Two things occured over the past few days which have lead to this post. Firstly, Zohar over at ManoflaBook.com, posted a review of H.G.Wells' seminal work The First Men In The Moon. Then he went and got my interest piqued with his fun facts and a fascinating look at some of the covers which have been used on the book over the years.
Then, with a house move imminent, I started packing my book library up...a job which I could probably get done in a matter of minutes (what's so difficult about piling books into boxes?), but has (so far) taken many hours. Mainly because once I get in amongst a pile of books, I can't help but start opening the damn things.
On the shelves is a collection of mass market paperback science fiction novels which belong to my mum - who is singularly responsible for getting me interested in reading SciFi from an early age. After seeing Zohar's collection of covers for a singular book, it dawned on me that these books had a fantastic array of weird and wonderful covers, and all of them were surprisingly different. Colourful, dramatic, unusual, menacing, scary, epic. Just some of the superlatives I could use.
The collection is large, but here is a small selection which I have enjoyed being reacquainted with:
Citizen of the Galaxy by Robert A. Heinlein
Penguin Books reissue, 1981
|Probably the most classically "Space Opera" styled cover of the lot, but with a large nod to a certain popular 19th century tale. Citizen of the Galaxy is the story of a young slave who, when his master dies suddenly, leaves the planet he was enslaved on and sets out on a dangerous journey, where he meets a diverse group of creatures and cultures before learning the truth about his own identity. Sound as oddly familiar as the cover looks?...|
I, Robot by Isaac Asimov
Panther Books, published in 1968, reprinted in 1974
|Forget about Will Smith with his shades, leathers, gun-toting and futuristic bike chases. I, Robot is a collection of short stories one of which, "Robbie", was written in 1940, proving just how ahead of the curve Asimov was. The cover is a triumph in its simplicity. Unlike the busy and bright cover of Citizen of the Galaxy, we're given a simple glass/perspex head with demonic glowing eyes. Not your typical image of an unruly robot, but enough to send a shiver down your spine at the thought of an automaton gaining its own consciousness. I can thoroughly recommend these short stories, as long as you leave your preconceptions from the film at the door before entering. |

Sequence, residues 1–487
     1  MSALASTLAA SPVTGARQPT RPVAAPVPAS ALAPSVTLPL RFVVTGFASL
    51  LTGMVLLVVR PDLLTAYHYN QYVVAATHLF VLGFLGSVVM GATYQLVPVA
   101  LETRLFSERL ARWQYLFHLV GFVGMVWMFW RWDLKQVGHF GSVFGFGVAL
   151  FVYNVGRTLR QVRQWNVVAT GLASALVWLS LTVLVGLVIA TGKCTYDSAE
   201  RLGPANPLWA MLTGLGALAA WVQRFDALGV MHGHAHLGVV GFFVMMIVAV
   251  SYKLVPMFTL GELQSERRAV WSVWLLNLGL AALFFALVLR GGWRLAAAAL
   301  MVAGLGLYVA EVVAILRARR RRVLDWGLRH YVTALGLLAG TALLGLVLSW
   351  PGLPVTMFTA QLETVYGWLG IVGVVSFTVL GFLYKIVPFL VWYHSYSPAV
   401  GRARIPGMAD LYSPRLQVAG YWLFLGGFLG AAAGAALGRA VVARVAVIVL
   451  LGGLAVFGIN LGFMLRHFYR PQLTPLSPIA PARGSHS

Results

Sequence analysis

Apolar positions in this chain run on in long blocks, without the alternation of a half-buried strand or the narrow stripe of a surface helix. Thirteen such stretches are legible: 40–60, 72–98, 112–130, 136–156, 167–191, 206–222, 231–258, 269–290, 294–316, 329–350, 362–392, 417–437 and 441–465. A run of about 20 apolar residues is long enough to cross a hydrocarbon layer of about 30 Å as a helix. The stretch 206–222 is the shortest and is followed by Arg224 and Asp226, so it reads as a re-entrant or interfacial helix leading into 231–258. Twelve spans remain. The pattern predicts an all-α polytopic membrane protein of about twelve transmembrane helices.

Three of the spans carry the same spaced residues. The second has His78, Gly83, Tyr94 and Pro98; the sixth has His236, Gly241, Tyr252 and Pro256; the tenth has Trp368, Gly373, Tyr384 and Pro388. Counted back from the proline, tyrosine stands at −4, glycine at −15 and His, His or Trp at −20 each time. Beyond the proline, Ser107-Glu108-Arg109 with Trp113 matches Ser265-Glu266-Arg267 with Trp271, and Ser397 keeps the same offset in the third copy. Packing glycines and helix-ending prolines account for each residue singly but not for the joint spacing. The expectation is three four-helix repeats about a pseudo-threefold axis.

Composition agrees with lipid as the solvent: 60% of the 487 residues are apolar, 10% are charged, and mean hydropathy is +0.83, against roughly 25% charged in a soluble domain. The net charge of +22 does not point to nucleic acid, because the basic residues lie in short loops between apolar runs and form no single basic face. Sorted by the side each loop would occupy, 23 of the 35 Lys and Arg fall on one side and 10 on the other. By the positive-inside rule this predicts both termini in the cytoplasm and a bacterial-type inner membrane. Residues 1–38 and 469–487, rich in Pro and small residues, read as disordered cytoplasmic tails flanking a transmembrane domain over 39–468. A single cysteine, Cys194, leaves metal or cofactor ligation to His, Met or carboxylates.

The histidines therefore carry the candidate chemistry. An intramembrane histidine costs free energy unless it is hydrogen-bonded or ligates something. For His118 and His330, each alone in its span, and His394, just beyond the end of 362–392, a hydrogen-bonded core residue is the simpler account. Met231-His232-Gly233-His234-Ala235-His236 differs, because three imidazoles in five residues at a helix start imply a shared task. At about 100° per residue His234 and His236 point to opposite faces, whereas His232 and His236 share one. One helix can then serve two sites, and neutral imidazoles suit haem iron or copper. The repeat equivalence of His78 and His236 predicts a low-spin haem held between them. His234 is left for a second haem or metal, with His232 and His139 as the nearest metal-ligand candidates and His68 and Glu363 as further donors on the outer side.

Nightfall One / Nightfall Two by Isaac Asimov
Panther Science Fiction, published 1971, reprinted 1976
|I couldn't resist another Asimov - there were a lot to choose from! Nightfall One and Nightfall Two are another collection of short stories from the master of SciFi. Nightfall itself is one of the most original stories I've ever read and has always stayed with me. It's one of those reads I return to every so often. The covers of the books, though, are bizarre - a kind of plasticine nightmare which I've never been able to fully fathom. |
Chocky by John Wyndham
Penguin Books, 1970
|One of my favourite SciFi novels when I was a kid, and the one that got me in to all things Wyndham. Probably because it was about a lonely kid with an "imaginary friend" who turned out to be not so imaginary. A great example of Wyndham's anti-Space Opera style. Still a great book. This cover proves to me that sometimes the most arresting covers can be the simplest. |
Of Time And Stars by Arthur C. Clarke
Puffin Books, 1974, reprinted 1975
This is just a selection of covers from the books in my own collection. There are doubtless many other, better examples out there, but these are the ones that get me wanting to pick up and read.
|And so we end back where we began - with Space Opera. This cover, illustrated by Peter Jones, is very typical of the genre. Note the similarities with the Heinlein cover - the figure in crisis in the foreground, the fantastical space vehicle behind...but this is darker somehow, more sinister. Another great selection of short stories from another master of the genre, Of Time And Stars includes The Sentinel, the story on which the film 2001: A Space Odyssey was based. Well worth a read. |
What do you think? If you've got others that stand out for you, please point me in their direction.
Labels: Arthur C. Clarke, Book cover design, book covers, Classic covers, Isaac Asimov, John Wyndham, love books, nostalgia, Panther books, Penguin Books, science fiction books